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Student loans make owning a home in the U.S. a luxury

Because of steep student debts, people in their 20s do not prioritize homeownership that much.




Last year, 21 percent of those in the age 20 bracket owns a home in the U.S. About 10 years ago, the statistic was 32 percent. The reason? Student debts.

According to Bloomberg, student debt has reached over $1.4 trillion, almost doubled since 2009. This coincided with the fact that homeownership has stalled in the 28 to 30 years old age group. If the college tuition fees remained the same in 2001, it is estimated that 360,000 millennials in the U.S. could have had a home as early as 2015.

In an article posted by CNNMoney, it revealed that tuition fees from public colleges have increased by as much as $3,843 from 2001 to 2009. Last year, Americans had to pay $14,000 for in-state college fees. But what makes it more interesting is that despite the skyrocketing fees for a college degree, Americans still take student loans to be able to get one.

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Bloomberg reported that student debt has skyrocketed to more than $1.4 trillion. (Photo by HBS1908 via Wikimedia Commons. CC BY-SA 3.0)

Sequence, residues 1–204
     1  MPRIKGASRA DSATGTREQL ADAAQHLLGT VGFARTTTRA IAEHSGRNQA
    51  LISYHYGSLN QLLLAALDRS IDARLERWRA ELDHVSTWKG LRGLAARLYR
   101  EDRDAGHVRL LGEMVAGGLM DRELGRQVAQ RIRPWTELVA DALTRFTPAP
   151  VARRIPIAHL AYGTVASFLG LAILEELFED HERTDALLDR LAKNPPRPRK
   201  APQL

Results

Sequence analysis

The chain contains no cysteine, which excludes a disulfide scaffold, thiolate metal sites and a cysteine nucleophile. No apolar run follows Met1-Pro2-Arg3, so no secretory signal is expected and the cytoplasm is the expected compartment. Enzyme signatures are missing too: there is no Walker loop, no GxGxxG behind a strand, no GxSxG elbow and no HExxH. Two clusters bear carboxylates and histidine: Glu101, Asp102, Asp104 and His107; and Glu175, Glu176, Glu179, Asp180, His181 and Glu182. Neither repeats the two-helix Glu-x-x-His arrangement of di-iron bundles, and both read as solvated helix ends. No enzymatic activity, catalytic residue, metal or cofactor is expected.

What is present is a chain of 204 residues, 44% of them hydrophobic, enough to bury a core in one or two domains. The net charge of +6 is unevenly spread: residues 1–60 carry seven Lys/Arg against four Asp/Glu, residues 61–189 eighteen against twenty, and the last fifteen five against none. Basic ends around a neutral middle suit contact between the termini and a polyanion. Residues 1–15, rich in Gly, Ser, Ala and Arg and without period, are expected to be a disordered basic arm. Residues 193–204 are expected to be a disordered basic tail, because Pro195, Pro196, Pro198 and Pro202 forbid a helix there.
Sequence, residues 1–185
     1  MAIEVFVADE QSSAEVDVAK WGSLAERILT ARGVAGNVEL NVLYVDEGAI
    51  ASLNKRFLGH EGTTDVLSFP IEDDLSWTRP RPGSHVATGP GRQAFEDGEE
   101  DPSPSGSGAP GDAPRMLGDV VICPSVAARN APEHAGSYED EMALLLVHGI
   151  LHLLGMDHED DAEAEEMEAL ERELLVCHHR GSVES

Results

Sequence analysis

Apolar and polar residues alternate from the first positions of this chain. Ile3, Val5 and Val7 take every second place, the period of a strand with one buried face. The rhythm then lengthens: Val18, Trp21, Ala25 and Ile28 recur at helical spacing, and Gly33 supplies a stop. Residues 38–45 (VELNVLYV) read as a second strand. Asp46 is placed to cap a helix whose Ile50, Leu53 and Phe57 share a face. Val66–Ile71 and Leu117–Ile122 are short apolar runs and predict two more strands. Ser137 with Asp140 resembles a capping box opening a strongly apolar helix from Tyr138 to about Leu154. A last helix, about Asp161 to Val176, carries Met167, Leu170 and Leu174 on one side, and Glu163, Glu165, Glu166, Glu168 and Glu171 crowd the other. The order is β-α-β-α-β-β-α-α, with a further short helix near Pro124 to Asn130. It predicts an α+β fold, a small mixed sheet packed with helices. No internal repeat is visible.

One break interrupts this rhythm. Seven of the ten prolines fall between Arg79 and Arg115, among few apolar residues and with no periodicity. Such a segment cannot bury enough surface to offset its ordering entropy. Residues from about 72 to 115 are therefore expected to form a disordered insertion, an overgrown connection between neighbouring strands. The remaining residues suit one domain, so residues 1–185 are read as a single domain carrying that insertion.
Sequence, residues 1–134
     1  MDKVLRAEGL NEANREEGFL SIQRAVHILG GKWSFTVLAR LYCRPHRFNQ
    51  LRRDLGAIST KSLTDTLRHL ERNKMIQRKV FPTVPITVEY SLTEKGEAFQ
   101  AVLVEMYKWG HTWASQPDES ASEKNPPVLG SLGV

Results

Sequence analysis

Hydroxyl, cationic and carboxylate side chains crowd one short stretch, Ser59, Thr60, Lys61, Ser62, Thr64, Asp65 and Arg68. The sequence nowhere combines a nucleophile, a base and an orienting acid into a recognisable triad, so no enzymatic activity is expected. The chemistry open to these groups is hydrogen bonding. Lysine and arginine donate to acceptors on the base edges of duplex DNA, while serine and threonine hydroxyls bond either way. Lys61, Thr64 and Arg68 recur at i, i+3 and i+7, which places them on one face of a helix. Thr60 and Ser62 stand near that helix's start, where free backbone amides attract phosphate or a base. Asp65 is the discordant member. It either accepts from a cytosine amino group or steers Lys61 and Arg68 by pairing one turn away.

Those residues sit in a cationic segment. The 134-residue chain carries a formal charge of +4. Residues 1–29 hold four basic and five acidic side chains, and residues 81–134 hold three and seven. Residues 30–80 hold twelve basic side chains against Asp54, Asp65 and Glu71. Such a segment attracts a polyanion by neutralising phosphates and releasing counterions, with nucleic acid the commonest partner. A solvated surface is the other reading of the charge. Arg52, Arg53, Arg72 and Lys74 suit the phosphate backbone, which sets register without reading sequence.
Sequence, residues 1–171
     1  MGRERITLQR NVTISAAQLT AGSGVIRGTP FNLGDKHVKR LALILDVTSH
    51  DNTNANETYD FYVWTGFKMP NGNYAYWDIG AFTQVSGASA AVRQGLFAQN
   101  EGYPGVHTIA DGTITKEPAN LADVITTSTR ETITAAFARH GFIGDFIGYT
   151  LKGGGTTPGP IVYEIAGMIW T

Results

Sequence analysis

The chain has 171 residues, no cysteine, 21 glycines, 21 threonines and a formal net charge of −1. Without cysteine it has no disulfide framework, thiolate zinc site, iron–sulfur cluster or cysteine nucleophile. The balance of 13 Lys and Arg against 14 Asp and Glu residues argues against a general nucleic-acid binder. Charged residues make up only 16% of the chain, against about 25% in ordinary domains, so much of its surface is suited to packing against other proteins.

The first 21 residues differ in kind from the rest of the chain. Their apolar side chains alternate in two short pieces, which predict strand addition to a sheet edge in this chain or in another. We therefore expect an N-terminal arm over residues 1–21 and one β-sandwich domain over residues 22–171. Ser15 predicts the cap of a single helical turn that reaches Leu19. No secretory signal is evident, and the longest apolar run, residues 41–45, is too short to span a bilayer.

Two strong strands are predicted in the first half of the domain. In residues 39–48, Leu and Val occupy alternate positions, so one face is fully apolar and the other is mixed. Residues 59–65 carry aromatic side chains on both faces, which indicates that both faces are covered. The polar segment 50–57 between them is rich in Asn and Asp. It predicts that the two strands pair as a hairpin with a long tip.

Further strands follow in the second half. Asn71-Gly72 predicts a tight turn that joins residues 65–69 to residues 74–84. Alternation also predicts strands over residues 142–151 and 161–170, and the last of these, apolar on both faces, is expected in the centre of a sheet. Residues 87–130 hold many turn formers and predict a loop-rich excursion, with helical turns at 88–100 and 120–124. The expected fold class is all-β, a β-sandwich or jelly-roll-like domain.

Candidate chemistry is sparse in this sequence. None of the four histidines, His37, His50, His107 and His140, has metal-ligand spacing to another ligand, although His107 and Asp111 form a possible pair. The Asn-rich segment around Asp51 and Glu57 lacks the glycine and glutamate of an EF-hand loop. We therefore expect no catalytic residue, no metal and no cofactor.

The system of student loans is not bad at all. Defaulting payments make it look bad. Per Student Loan Hero, student loan delinquency rate stands at 11.2 percent. Of the $1.4 trillion student loans, almost 40 percent of it was used to finance the education of graduate students. Is it really worth it to accumulate huge debt just to secure an MBA degree nowadays? Apparently, yes. Most of the young Americans believe they could afford a home by the age 33 when student loans have been settled.

Owning a home in the U.S. is now considered a luxury and not a necessity. Renting has become an attractive option because of this. With jobs nowadays becoming more mobile, some are not keen on getting a house so they can move around whenever their work requires it. Additionally, the recession taught the young Americans that buying a house may not be a solid way to build wealth anymore, per VOA News.

In the end, no one could blame a person if he or she wants to get a college degree. After all, the system rewards degree holders compared to undergraduates. If housing prices were a bit lower, would homeownership among young Americans pick up? Probably yes, but that is another story.

Anne Kings is a reporter for the financial sector, often tackling Wall Street and shareholders' interests. She also covers the intersection of media and technology, and delves into interesting topics on entertainment. Sometimes she also writes about the cannabis industry, in particular CBD and hemp. She is currently based in New York.